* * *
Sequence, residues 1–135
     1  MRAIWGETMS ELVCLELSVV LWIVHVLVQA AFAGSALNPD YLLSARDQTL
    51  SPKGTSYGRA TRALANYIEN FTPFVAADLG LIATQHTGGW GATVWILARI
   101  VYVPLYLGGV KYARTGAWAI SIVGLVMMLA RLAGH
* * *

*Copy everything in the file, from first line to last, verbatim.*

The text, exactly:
Sequence, residues 1–135
     1  MRAIWGETMS ELVCLELSVV LWIVHVLVQA AFAGSALNPD YLLSARDQTL
    51  SPKGTSYGRA TRALANYIEN FTPFVAADLG LIATQHTGGW GATVWILARI
   101  VYVPLYLGGV KYARTGAWAI SIVGLVMMLA RLAGH